“I can worship God in the deer woods just as good as I can at church.”
“There is nothing more peaceful than being on my hands and knees in my flowerbed. I can sense God’s presence outside better than anywhere else. Why do I need to meet with a group of people when I can find God right here?”
“I read my Bible every morning before I leave home. Then I pray and read my daily devotional. God and I are doing just fine without going to church every week.”
“My favorite day is Sunday. I get in my car and ride the backroads. I talk to God and listen to music. That’s where I do church.”
Some of the deepest moments I’ve ever had with God were when I was alone with Him in nature. So, what’s wrong with doing it alone?
All the “One Anothers”
The phrase “one another” is used one hundred times in the New Testament. Forty-seven of these verses are directed at followers of Christ. (1) If there are that many references to “one another,” it seems that being together with other believers is a vital piece of the Christian’s daily life.
According to Jeffrey Kranz, one-third of these “one another” verses reference unity with other believers. Another one-third talk about how we are to love each other. (1)
Here are some examples:
“Serve one another in love” (Galatians 5:13b).
“Love each other with genuine affection, and take delight in honoring each other” (Romans 12:10).
“Instead, be kind to each other, tenderhearted, forgiving one another, just as God through Christ has forgiven you” (Ephesians 4:32).
We must have other believers in our lives if we are truly able to fulfill the “one anothers” of scripture.
The author of Hebrews says, “And let us not neglect our meeting together, as some people do, but encourage one another, especially now that the day of his return is drawing near” (10:25).
There’s that phrase again. One another. It’s impossible to fulfill this instruction to encourage one another if there is no “one another.” We can meet with God in the quietness of nature every day of the week, but at some point, we must come together with other believers and encourage each other.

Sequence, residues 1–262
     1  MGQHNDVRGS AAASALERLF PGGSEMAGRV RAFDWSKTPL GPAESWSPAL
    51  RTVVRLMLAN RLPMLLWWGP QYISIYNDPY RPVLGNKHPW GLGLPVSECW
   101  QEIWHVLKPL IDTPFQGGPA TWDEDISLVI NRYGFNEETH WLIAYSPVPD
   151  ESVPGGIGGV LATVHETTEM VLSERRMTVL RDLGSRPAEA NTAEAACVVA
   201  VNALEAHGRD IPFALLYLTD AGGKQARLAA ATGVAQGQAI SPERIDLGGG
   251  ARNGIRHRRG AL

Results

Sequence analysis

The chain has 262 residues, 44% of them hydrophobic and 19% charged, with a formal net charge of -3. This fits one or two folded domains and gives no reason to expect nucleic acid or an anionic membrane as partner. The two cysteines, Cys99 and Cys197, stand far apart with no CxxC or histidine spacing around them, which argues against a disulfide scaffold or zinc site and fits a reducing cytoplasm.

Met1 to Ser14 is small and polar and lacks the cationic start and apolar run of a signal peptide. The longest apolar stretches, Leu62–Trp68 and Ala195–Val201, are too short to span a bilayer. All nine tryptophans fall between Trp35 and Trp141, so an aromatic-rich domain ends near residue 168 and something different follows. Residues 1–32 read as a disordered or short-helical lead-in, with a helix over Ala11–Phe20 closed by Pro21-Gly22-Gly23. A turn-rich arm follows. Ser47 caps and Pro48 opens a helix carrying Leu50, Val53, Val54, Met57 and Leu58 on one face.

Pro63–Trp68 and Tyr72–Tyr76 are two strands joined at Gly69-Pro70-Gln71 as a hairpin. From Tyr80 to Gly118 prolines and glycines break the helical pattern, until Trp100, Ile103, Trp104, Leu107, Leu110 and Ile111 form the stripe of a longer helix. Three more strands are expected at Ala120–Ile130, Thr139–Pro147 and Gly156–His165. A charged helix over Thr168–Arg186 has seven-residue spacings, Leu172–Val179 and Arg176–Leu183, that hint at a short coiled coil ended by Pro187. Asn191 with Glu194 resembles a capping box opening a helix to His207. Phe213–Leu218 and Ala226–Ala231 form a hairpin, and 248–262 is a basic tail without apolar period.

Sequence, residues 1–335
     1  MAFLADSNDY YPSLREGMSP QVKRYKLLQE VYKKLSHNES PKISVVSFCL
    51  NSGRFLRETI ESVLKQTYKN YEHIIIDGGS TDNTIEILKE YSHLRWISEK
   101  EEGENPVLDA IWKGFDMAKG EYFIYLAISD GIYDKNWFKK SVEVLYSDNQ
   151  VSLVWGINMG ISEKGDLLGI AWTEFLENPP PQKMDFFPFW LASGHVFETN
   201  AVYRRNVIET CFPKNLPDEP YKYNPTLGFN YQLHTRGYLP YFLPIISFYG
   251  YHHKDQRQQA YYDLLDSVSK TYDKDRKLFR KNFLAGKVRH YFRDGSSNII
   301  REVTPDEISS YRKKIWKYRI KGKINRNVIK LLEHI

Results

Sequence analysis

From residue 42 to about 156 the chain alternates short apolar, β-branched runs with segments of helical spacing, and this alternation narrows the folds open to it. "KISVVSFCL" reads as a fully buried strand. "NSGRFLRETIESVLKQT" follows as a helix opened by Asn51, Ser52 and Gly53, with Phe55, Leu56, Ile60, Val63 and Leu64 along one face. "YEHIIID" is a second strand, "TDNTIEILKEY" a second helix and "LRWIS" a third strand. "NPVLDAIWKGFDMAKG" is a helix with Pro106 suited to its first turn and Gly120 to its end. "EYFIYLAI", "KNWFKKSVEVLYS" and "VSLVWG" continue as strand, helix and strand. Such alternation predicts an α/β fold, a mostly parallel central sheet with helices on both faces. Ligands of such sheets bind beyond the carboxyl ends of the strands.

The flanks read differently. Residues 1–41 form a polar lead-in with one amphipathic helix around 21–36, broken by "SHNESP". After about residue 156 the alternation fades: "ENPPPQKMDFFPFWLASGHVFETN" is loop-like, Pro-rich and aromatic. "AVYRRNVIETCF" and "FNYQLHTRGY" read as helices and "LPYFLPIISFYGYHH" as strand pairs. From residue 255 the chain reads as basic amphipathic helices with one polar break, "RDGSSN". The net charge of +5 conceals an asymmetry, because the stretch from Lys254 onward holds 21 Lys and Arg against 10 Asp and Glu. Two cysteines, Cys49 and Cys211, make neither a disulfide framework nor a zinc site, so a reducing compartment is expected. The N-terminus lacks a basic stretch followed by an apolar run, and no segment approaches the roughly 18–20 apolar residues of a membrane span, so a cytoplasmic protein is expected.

Jesus often pulled away. He spent forty days in the desert. Prayed many times in solitude. But he always came back and met with his disciples and his followers. We must spend time with God in the quietness, but then intentionally meet with others, worship together, and mutually build one another up.
“Church hurt” is a phrase I’ve heard in Christian circles in the last few years. When there are people involved, feelings will get hurt. Words can be said in haste. Decisions may be made without deeper consideration. Personal agendas are often brought into meetings. And somehow, somewhere, another human being will ding us.
But if that is our reason for pulling away from fellowship with others, if that is the basis for all our church expectations, we are going to miss God’s design for true relationships.
Real, authentic, God-centered relationships look more like Proverbs 27:17: “As iron sharpens iron, so a friend sharpens a friend.”
Sharpening a piece of iron requires scraping, rubbing, and banging. We are going to have times in relationships where we are scraped, rubbed, and banged, but we go to one another and talk. We ask for forgiveness and talk through the hurts, and as iron sharpens iron, we get stronger and more effective because of the tough stuff.
James 5:16 says, “Confess your sins to each other and pray for each other so that you may be healed. The earnest prayer of a righteous person has great power and produces wonderful results.” No matter what our struggles, heartaches, or issues, God designed us to lean on each other, confess our failures to close confidants, and stand in the gap in prayer for one another.
2 Corinthians 1:3-4 is probably my favorite passage about being in a relationship with others. “All praise to God, the Father of our Lord Jesus Christ. God is our merciful Father and the source of all comfort. He comforts us in all our troubles so that we can comfort others. When they are troubled, we will be able to give them the same comfort God has given us.”
As God shows up in our own lives—freedom from addiction, healing from disease, hope after divorce, grace in parenting, redemption from our past, comfort in our grief—we have the great privilege of extending that freedom, healing, hope, grace, redemption, and comfort to others. What a beautiful picture of His redeeming grace.
If you aren’t connected with other believers through a Bible study, recovery group, or local church, my New Year’s challenge to you is to ask yourself why.
God never intended for us to do life alone, especially our faith-life.
We were made for community.
Maybe it’s time to try “one anothering”. . . again.
© Copyright Christy Bass Adams, January 2022
All scripture from NLT Version, All graphics from Canva
Reference: (1) https://overviewbible.com/one-another-infographic